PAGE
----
Lage is one of the many service members who has transformed from wounded warrior into elite athlete — a journey that, for many, begins at BAMC. From the moment they arrive until the day they depart, the focus is on fostering abilities and discovering new potential, said Lt. Col. (Dr.) Donald Gajewski, an orthopedic surgeon and director of the Center for the Intrepid, BAMC’s state-of-the-art rehabilitation center.

The Army takes a four-phase approach to physical rehabilitation, Gajewski explained. Early on, providers focus on “protective healing,” which involves caring for wounds as they build mobility and strength.

Patients then move on to pre-prosthetic training at the Center for the Intrepid, where they concentrate on strengthening, balance and cardiovascular training. They also begin community reintegration together, which may involve a dinner or attending a sporting event downtown, he added.

Soldiers greatly benefit from working together as a group, Gajewski noted.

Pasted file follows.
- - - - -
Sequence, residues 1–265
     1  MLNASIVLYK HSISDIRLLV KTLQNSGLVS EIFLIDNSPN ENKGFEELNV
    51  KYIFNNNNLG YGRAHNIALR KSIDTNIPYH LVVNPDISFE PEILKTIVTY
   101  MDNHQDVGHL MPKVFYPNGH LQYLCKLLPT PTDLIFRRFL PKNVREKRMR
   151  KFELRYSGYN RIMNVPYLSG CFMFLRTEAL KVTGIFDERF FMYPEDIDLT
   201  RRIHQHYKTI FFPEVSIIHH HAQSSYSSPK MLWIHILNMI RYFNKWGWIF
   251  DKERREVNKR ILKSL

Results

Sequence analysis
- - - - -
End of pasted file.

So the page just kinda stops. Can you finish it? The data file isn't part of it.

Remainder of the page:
“The ability to rehabilitate all of these heroes in one place is invaluable, not only from a motivational standpoint, but also from a sharing of best practices standpoint,” he said.

Soldiers then receive and adjust to their new prostheses, while learning how to take on everyday tasks. They practice picking up objects from the floor, and stepping off and on stairs, curbs, ramps and uneven terrain. They also work on mastering a new gait.

The final phase involves the “fun stuff,” Gajewski said, such as recreational sports and activities, drivers training, vocational evaluation and training, and if needed, military specific drills.

“There has been much research that shows adaptive sports play a huge role in the recovery of our patients,” he said.

Patients who participate in sports, he added, have been shown to have less narcotic medication dependence, less depression, higher quality of life scores, smoother community reintegration, and improved cardiovascular fitness and psychological well-being.

For the Center for the Intrepid staff, the sky is the limit in this phase. They tailor their programs to Soldiers’ goals, which may include everything from skydiving and scuba diving to sled hockey and cycling.